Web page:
I’ve had the giggles this week, especially while teaching.
It all started with the electrifying performances at the 13th Van Cliburn International Piano Competition (www.cliburn.tv). The poise of these young performers is almost unbelievable, and their death-defying acts of pianism are inspiring, amazing, exciting, and rejuvenating.
I can’t tell you how many times in the last few days I’ve heard a performance of a piece of music I used to play. Often, I’ve been moved to rifle through my music cabinets, then go back to the piano to play something I haven’t looked at since high school. Lots of train wrecks have been happening on my old Steinway, but I’ve had lots of fun, too, as well as the occasional moment of something that sounds pretty darn good.
Inspired by 20-year old phenom Tsujii Naboyuki, the blind Japenese pianist who was one of the tying gold medalists, I even attempted to play Chopin’s Fantasie Impromptu, a piece that’s been in my repertoire since age 11, with a blindfold on. The result wasn’t pretty, but it was enlightening, and I’d encourage anyone who has an old warhorse sitting around to try the experiment for themselves.
While surfing around the Cliburn website, I came upon the information and application for the amateur arm of the Van Cliburn competition. Now, make no mistake, this may be an amateur competition, as in “not a concert pianist,” but the playing here is at a very high level, mostly by people who could have gotten (or did get into) fine conservatories as students, but ultimately elected to pursue a saner way of making a living.
The requirements for the competition include that you be over 35 (in other words, it’s not a back door to a debut concert career). That’s fair. No ringers allowed.
You can’t make your living (or most of your living) as a concert pianist (in other words, it’s not a career bumper) Okay, that’s fair, too.
And you can’t make your living (or most of your living) teaching music. Which seems reasonable, right? Unfair advantage and all that?
Or does it?
Now, don’t get me wrong, I have no intention of EVER entering this, or any other piano competition, so I’ve got no dog in this fight. However, as I’ve spent my week going about my teaching, this “no teachers” restriction has had me bursting out in uncontrolled giggles, usually in the middle of a lesson.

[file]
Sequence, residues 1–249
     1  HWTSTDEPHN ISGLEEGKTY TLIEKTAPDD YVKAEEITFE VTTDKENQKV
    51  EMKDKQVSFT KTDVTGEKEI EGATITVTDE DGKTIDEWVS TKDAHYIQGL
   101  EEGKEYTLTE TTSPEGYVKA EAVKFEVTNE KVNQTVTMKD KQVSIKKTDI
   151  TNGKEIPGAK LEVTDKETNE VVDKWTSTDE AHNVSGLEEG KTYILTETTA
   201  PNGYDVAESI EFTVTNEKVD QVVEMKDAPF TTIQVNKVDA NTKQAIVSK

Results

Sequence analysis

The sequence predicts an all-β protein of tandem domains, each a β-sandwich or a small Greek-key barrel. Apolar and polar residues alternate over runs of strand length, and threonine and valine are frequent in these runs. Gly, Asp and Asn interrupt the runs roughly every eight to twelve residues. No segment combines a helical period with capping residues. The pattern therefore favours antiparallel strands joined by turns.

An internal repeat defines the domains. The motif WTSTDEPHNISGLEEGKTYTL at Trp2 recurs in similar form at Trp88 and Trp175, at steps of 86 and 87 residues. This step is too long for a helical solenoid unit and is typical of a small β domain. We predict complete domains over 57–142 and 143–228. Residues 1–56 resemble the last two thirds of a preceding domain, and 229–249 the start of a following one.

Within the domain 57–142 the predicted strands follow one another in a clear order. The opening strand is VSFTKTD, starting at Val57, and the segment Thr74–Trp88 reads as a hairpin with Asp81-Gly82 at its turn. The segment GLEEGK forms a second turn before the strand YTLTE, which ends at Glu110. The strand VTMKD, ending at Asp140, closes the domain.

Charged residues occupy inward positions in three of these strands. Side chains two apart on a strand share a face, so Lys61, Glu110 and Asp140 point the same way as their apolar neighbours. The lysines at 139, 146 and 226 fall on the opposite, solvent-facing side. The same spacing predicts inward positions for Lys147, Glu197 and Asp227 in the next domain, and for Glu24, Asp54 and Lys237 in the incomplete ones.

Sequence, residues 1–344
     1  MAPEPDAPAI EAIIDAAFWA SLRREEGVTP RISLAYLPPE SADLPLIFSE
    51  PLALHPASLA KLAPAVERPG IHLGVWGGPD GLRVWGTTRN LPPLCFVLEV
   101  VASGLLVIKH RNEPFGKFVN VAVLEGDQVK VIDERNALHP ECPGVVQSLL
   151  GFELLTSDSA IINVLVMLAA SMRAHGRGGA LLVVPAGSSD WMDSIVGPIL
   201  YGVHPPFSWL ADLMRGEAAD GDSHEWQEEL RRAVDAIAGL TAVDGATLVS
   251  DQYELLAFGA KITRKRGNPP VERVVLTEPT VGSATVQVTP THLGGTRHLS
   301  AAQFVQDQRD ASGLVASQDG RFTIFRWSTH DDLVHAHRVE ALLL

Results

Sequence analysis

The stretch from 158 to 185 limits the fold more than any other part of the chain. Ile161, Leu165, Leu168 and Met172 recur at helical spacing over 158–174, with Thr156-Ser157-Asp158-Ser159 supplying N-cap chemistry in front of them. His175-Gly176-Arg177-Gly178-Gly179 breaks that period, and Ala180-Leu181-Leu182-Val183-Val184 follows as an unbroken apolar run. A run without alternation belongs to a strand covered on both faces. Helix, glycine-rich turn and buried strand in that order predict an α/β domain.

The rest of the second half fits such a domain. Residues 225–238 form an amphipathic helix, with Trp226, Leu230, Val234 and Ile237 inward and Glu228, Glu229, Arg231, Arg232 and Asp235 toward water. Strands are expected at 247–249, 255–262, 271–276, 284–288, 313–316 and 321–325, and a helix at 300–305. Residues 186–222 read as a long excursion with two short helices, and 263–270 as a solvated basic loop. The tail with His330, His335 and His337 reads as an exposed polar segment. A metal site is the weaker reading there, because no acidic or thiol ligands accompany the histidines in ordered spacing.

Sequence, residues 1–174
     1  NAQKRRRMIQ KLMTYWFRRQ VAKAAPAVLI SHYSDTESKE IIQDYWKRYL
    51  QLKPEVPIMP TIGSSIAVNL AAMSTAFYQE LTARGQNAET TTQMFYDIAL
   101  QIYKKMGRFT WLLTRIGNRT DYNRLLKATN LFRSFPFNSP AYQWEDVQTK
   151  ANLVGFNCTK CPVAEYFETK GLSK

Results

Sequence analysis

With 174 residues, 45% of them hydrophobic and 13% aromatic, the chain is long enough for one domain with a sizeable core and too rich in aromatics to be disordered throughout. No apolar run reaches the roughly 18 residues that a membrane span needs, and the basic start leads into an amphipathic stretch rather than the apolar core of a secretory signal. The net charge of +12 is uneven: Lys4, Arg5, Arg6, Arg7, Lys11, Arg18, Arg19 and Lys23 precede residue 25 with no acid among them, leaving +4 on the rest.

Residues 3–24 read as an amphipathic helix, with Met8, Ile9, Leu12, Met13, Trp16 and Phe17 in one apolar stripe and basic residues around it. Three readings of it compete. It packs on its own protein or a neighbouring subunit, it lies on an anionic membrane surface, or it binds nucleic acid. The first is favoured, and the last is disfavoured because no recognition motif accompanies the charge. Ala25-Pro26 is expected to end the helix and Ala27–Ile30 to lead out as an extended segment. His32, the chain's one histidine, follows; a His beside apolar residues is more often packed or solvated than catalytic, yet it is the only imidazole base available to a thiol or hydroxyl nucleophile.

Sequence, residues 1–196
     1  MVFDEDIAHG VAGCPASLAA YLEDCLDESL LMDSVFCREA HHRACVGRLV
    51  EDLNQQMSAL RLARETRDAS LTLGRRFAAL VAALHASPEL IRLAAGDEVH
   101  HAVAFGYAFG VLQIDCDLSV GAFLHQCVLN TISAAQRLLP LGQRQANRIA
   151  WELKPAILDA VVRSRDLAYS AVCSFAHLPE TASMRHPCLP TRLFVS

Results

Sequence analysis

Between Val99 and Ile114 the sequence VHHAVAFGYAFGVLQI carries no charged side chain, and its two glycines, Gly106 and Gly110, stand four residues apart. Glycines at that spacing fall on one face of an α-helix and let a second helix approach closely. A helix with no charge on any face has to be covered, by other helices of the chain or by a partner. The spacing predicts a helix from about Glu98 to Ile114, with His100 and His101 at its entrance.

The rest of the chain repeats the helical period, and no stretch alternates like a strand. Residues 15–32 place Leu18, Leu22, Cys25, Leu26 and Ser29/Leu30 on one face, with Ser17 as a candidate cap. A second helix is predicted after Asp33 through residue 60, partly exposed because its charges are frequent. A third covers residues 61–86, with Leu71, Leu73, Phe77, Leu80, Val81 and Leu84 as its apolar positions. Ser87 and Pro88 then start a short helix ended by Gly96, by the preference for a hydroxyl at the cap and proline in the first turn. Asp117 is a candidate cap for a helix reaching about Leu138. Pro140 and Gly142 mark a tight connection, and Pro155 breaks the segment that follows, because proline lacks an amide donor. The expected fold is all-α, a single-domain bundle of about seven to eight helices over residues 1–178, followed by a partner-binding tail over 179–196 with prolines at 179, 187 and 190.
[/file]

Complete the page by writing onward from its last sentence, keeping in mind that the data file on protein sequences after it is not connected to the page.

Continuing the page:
I guess it gives me an unfair advantage when I spend my workdays :
Reminding Student A that the finger in his mouth is the same finger that is supposed to go on middle C.
Telling Student B that no matter how many time he plays that “B” it is always going to sound wrong, and it will continue to sound wrong until he looks at the music and figures out that he is supposed to be playing a different note.
Trying to figure out how to get Little Student C to stretch her tiny hands so that she can get to that top A in “Twinkle Twinkle Little Star.”
Explaining to Student D’s parents that coming to a piano lesson once a week does not constitute “practice” and that unless the child actually touches the piano a few times a week, he has a better chance of flying into space than he does of getting through Book I of the “How to Play Piano” series.
Don’t get me wrong: I like my students. Right now, I’ve got a great studio of kids, and I happen to be truly fond of every one of them: They are cute and funny, and fun to teach, and most of them actually practice once in a while. And while it’s true that I AM teaching a few more advanced students some Chopin nocturnes and some of the easier Beethoven and Mozart sonatas and such, the vast majority of my time is spent on finger number one, finger number two, and pleas to COUNT COUNT COUNT, and TRY TRY TRY to remember what “every good boy deserves.”
So it tickles my funny bone to think that this job disqualifies me from standing on a stage, just me and the black beast, to wrestle in public with my Chopin G minor Ballade or my Beethoven “Les Adieux.”
Student E wiggles her tooth for me and announces that it might come out during this very lesson, and I tell her my cardinal rule: “No blood on the piano.”
And the giggling starts again.